Lufthansa has cancelled almost 900 flights after it lost an eleventh-hour legal bid to halt a pilots’ strike.
The two-day action over pay began at midnight local time and about 100,000 passengers are expected to be affected.
Joerg Handwerg, spokesman for the pilots’ union, Vereinigung Cockpit, said: “Let me make it very clear that going on strike gives us no pleasure.
“We are sorry for the passengers and we cannot understand why Lufthansa is unable to make a negotiable offer.”
He added: “We are ready at any time to return to the negotiating table. We can of course call off the strikes at any time but Lufthansa must show a willingness to budge.”
Flights by Lufthansa’s other airlines including Eurowings, Swiss, Austrian Airlines, and Brussels Airlines are not affected, the airline said.
The industrial action is part of a long-running pay dispute at Lufthansa, with the union having organised 14 strikes since April 2014.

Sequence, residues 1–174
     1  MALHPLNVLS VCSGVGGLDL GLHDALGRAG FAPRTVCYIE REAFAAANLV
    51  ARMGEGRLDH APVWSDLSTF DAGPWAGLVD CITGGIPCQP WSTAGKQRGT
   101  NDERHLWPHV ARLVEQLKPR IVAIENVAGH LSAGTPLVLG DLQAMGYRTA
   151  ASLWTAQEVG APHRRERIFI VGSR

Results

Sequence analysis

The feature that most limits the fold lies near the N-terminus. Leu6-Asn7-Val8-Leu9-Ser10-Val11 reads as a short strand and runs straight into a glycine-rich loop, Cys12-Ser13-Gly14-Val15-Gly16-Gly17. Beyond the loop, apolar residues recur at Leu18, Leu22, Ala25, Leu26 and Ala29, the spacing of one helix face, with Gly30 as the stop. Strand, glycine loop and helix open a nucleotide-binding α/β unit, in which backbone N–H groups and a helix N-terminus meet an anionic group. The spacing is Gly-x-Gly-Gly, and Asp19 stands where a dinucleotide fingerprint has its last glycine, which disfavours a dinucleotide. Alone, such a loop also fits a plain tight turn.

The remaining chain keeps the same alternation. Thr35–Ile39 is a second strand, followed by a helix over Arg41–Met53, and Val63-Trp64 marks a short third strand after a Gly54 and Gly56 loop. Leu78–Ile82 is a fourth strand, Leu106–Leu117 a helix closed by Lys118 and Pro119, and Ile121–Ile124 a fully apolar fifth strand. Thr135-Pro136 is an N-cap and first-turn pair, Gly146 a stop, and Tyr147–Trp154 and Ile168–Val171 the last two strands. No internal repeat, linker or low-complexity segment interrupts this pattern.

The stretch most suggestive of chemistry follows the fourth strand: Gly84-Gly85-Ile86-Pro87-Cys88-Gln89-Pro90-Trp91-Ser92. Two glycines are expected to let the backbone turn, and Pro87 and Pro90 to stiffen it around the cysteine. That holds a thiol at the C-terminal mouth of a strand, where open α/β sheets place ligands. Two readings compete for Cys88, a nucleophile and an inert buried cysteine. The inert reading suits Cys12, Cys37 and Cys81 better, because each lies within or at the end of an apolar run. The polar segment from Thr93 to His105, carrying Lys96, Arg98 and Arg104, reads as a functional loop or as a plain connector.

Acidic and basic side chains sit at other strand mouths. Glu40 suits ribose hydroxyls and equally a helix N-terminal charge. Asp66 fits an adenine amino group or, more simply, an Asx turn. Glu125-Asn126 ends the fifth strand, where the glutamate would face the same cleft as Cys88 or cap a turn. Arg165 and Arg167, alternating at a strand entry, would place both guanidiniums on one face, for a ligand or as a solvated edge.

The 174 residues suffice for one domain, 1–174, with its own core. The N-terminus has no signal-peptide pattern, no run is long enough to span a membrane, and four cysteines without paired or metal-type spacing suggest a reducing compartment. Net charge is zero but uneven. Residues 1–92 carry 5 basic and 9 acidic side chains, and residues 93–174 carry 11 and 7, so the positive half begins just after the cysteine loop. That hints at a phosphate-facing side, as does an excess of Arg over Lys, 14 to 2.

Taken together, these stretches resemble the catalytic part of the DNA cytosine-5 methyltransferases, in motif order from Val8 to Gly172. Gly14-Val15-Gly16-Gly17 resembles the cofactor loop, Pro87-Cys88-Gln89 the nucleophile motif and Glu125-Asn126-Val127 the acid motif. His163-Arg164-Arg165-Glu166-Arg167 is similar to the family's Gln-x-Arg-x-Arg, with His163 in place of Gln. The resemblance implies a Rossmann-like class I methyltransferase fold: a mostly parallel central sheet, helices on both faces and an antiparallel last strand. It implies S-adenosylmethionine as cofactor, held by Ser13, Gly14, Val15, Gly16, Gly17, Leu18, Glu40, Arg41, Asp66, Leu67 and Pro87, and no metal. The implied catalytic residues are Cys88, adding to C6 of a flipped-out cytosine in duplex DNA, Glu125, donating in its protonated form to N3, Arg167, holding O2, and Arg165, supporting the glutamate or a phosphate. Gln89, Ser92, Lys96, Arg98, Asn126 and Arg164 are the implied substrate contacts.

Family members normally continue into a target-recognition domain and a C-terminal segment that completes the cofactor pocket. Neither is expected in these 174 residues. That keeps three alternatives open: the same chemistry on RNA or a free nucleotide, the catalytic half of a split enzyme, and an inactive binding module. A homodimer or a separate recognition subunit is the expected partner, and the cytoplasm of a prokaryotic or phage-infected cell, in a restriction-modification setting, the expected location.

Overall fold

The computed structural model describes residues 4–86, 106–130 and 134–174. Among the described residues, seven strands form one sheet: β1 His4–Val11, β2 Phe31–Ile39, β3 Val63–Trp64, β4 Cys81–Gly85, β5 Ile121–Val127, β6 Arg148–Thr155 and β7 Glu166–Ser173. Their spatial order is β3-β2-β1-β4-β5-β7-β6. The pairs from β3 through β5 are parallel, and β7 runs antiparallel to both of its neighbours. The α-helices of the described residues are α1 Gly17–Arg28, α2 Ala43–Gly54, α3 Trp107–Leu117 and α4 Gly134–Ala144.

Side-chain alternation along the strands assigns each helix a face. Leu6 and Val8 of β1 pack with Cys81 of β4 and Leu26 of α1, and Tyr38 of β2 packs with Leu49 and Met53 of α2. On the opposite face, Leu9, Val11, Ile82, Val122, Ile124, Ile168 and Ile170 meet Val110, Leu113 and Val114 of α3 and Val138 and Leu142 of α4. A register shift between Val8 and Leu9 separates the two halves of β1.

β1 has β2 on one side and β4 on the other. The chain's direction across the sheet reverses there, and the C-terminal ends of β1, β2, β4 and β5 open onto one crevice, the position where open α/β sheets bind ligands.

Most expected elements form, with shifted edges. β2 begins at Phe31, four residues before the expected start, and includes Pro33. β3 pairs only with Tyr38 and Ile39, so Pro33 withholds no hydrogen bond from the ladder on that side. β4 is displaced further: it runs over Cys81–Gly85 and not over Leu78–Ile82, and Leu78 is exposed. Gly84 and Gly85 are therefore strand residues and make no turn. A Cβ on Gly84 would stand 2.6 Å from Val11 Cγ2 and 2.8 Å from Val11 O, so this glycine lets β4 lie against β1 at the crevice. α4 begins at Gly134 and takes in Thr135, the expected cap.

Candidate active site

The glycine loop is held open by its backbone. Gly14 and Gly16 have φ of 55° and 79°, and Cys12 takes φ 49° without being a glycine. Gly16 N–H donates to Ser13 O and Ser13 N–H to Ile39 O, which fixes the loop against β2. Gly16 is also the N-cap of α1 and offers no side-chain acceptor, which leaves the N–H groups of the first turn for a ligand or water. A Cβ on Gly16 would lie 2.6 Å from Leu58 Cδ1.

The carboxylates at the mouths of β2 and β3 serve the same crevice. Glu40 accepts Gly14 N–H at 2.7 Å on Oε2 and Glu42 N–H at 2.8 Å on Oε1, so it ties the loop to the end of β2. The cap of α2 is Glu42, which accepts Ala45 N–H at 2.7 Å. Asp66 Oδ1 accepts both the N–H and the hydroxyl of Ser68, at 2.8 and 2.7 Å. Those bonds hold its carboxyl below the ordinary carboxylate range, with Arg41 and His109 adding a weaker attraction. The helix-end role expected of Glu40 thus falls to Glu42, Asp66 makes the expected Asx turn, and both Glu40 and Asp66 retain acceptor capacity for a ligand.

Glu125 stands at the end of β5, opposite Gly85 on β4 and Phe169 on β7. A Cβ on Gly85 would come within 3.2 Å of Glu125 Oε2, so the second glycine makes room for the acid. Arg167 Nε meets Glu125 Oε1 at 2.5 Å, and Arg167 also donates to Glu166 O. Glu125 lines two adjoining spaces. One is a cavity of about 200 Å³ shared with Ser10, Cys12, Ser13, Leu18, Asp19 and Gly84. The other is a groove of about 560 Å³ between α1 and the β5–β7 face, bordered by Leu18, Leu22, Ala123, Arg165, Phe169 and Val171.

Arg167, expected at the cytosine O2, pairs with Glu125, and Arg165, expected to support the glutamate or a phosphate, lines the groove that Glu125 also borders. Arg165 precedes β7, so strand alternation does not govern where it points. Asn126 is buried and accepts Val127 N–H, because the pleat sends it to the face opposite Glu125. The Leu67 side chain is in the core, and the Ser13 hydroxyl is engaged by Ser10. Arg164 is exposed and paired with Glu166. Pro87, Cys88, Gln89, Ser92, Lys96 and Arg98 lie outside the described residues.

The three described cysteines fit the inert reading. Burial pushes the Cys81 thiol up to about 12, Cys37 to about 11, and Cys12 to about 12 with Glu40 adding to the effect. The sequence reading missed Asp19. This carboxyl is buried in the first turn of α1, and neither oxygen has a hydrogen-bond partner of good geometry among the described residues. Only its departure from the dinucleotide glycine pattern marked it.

On Tuesday, Lufthansa made two legal challenges to halt the strike.
A Frankfurt labour court first rejected Lufthansa’s application for an injunction. Later in the evening, the Hesse state labour court rejected the airline’s appeal.
Pay talks between the Vereinigung union and the German airline broke down earlier this month and Lufthansa said the union had “consistently rejected the offer” of mediation.
The union is calling for a 3.7 percent pay rise for 5,400 pilots dating back to 2012.
Lufthansa, which is facing increasing competition from budget rivals, offered a 2.5 percent increase over the six years until 2019.
Meanwhile, a separate dispute with cabin crew at Lufthansa’s low-cost subsidiary, Eurowings, led it to cancel more than 60 flights on Tuesday.— BBC